A corner of light purple paper fluttered on her clipboard as she closed the door behind her. The other mothers told me it was printed on something between a lilac and lavender. A color you’d never forget, they said. A weak current of air blew down from the ceiling. Jagged strands of dusty cobwebs jittered around the openings of the plastic vent. My breaths were too shallow. I couldn’t get enough air. It wasn’t the baby pushing her feet against my ribs because she was bunched up down low today. I tugged at the waistband on my pants, trying to fill my lungs with the antiseptic-scented air but I couldn’t feel my diaphragm move. Vertigo swept over me and I braced my hands on the side of the padded exam table.
“You remember we talked about this at your last appointment, right? Hopefully you’ve had a chance to look over the information in the booklet.” Her tone was serious as she looked at me with stoic eyes, waiting for my answer.
“A little bit,” I said.
“The U.S. Department of Water Resources requires you to complete this form before the baby is born. We like to file it as early as possible, especially now that you’re at 36 weeks. Do you have any questions before you fill it out?” She shifted her weight from her front clogged foot to the rear, sinking slightly deeper into her sagging navy corduroys.
“No,” I whispered.
She handed me the clipboard and I glanced down at the form. There were only two questions.
Indicate whether you want the expiration date (MM/DD/YYYY) marked in a location easily visible to third parties? YES NO
Circling YES will result in date tattooed on inside of your child’s wrist or along the fourth proximal phalanx (“pinky finger”).
Circling NO will result in date tattooed along your child’s upper gum line.
Please select an ink:
___ VISIBLE (permanently visible black ink)
___ INVISIBLE (UV-sensitive ink visible only to physicians and approved U.S. government contractors licensed to operate the 3400XT-InvisaReader. Parents will not be informed of their child’s expiration date.)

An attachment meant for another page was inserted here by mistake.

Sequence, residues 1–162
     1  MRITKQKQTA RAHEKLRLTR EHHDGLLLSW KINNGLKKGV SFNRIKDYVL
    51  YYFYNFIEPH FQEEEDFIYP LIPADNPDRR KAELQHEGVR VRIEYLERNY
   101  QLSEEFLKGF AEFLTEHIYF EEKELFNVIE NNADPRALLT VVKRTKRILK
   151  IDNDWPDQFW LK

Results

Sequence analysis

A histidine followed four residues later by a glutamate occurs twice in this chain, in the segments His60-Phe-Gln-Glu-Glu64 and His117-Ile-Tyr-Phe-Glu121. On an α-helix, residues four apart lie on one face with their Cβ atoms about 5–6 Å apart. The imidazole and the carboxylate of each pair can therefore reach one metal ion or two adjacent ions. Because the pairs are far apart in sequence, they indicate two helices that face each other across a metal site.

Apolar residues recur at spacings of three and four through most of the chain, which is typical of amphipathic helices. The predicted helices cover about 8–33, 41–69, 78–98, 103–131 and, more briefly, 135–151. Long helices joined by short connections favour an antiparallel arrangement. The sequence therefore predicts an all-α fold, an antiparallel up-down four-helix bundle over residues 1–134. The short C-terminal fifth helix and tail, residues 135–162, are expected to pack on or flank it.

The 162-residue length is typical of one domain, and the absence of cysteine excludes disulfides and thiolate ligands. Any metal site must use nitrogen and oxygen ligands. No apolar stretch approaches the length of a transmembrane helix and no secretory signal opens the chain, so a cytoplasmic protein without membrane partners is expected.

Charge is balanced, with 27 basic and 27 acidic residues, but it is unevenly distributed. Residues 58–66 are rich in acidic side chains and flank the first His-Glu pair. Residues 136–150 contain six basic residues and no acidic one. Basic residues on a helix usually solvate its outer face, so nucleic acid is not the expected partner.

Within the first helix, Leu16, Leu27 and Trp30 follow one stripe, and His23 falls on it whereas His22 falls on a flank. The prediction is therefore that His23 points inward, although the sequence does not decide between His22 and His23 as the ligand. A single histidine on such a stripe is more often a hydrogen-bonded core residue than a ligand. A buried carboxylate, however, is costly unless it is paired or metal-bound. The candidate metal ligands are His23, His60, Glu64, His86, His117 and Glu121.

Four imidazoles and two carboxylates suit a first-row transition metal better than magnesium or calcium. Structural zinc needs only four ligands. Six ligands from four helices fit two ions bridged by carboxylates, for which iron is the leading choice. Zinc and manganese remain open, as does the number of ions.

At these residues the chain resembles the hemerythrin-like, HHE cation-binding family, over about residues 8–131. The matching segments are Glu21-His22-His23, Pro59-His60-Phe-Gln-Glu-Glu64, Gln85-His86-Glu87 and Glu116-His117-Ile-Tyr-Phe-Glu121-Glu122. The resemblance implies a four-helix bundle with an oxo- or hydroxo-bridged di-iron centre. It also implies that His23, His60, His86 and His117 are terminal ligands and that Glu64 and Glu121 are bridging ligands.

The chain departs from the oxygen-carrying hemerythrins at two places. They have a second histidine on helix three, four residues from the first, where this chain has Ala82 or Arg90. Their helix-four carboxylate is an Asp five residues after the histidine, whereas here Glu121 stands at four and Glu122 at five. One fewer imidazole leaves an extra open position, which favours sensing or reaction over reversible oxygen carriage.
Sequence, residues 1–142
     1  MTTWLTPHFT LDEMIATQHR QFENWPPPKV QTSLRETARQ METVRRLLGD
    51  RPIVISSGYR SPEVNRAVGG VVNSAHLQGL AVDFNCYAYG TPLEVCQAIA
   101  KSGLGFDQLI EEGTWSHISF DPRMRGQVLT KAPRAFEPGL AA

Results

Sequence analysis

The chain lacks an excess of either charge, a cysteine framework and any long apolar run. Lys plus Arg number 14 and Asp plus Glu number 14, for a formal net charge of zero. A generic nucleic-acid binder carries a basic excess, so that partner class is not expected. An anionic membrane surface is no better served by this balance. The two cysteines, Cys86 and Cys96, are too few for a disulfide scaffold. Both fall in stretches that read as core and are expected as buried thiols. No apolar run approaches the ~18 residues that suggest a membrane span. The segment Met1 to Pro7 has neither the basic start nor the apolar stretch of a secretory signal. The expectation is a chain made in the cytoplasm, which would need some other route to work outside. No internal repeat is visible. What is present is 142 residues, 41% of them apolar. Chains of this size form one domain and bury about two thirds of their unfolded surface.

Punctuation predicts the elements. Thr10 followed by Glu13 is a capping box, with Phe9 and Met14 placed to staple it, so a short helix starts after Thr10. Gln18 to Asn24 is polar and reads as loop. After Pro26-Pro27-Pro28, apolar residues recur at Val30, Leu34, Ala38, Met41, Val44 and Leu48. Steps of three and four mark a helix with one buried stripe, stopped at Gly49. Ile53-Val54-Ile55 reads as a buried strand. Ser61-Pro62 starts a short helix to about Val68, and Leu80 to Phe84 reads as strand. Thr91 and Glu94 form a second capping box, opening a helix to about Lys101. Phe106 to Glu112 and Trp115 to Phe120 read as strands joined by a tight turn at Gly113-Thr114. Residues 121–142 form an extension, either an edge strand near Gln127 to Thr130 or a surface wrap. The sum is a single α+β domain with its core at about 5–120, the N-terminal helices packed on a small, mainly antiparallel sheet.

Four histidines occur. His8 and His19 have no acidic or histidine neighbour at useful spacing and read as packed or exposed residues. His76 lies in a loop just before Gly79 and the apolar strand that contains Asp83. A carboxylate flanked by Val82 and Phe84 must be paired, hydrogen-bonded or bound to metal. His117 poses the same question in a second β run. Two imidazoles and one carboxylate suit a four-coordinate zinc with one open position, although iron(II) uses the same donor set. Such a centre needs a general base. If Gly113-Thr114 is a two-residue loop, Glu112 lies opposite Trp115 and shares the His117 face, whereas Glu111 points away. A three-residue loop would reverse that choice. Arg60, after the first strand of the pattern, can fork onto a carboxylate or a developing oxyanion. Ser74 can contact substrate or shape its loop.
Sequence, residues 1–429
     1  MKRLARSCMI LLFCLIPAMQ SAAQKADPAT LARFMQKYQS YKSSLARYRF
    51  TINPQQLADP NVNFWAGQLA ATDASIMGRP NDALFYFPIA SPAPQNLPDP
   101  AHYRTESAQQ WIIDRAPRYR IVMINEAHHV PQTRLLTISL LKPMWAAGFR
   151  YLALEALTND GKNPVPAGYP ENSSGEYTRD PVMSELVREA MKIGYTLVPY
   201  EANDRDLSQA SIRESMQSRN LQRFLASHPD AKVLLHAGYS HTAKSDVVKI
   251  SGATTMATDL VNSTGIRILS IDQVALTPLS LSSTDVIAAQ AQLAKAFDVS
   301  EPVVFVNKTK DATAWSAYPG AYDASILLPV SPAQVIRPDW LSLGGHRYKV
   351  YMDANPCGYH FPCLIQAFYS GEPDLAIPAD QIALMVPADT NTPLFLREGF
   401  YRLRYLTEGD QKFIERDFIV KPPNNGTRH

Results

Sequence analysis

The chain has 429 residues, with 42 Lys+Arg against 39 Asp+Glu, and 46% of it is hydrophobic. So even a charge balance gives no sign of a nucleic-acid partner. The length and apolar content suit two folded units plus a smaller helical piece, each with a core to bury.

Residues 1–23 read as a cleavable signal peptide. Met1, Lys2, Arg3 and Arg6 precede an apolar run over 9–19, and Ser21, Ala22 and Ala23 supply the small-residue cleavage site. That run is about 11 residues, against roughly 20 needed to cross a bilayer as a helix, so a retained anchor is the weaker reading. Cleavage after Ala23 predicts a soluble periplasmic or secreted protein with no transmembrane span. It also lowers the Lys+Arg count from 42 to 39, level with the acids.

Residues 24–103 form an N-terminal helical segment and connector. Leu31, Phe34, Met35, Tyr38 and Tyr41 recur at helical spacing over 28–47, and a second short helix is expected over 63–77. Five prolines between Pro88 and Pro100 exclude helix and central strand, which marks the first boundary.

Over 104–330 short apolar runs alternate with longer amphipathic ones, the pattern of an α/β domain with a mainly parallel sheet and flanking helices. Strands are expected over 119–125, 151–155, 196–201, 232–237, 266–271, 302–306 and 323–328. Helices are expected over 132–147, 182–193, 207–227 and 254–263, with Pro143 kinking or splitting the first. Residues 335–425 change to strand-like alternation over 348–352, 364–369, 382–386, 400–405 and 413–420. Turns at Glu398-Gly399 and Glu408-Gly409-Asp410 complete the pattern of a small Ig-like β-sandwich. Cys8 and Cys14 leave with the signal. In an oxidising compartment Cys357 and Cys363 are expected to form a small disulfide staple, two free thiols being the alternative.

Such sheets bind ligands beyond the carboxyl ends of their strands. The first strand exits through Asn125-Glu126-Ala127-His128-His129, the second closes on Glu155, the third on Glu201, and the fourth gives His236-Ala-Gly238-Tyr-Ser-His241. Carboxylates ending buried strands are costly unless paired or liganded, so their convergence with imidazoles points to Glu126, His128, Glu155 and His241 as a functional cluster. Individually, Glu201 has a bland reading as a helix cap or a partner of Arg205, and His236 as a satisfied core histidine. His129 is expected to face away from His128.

___ TIME-SENSITIVE (ink will slowly transition from UV-sensitive invisible to visible black, fully darkening one year before the projected expiration date.
NOTE: In some rare cases, time-sensitive ink will fully darken within 30 minutes of your baby’s birth. This may indicate a fatal but potentially correctable health issue which should be discussed immediately with your child’s physician. Please initial here ______ indicating that you understand these terms.
The pen dangled from the clipboard on a dingy looking string. A deep violet constellation of tears dotted the page.
“I can’t do this.” I couldn’t swallow and I started to feel faint.
The midwife pulled a chair closer to me and sat down. Patience had eased into her shoulders. Lines etched around her eyes revealed she’d witnessed things that no one ever should. “Do you need some water?”
I shook my head, then laughed at the irony of her offer.
“This is so hard for you mothers now. As if bringing a new life into this world isn’t difficult enough . . .” She shook her head and reached behind her to lift a beige tissue box from a wheeled cart. As she handed me the box, she looked me straight in the eyes. “What’s going through your mind?”
I wiped my nose as I began talking. “How can I possibly decide this? Is it better for her to know when her life will end? Is it better for me? What if she’s on a job interview and they see that? What if someone won’t fall in love with her because they can see the when it’ll all end, even if it is decades ahead? What if she holds back or … or goes too far because she knows…or worse, because she doesn’t?” I spit the questions out in one breath to hold back more tears.
The midwife inhaled deeply and her gaze hardened again. “I wish I could help you make this decision. I’m sure you understand why we can’t counsel patients. I’m sorry.” She stood up and put the chair back against the wall. “If you’d like, I can give you a few minutes . . . .”
I wiped the corners of my eyes. “No. It’s alright. Not going to be any easier no matter how much time I have.”
The midwife turned around to the cabinet above the sink. She turned to open a new box of rubber gloves and replenished the supply of cotton gowns on the cart. My hand hovered above the clipboard, the pen shaking in my grip as a wave of nausea coursed through my body. The ink didn’t flow at first. I tapped the tip of the pen hard against the clipboard and then scratched a circle around my first answer. I tried a second time until the blue ink circled ‘NO’.
I stared at the second question. New tears blurred my vision and fell onto the page. With a deep breath I quickly marked my X then signed my name at the bottom and stood up.
“All set?” The midwife turned toward me and reached for the clipboard.
Without answering, I bit my upper lip and put on my coat. As the midwife silently walked me down the corridor toward the reception area, I stared at the linoleum floor wondering whether it was a gift or a curse that I had just given my daughter. Whether I had just made the worst decision of my life, and hers.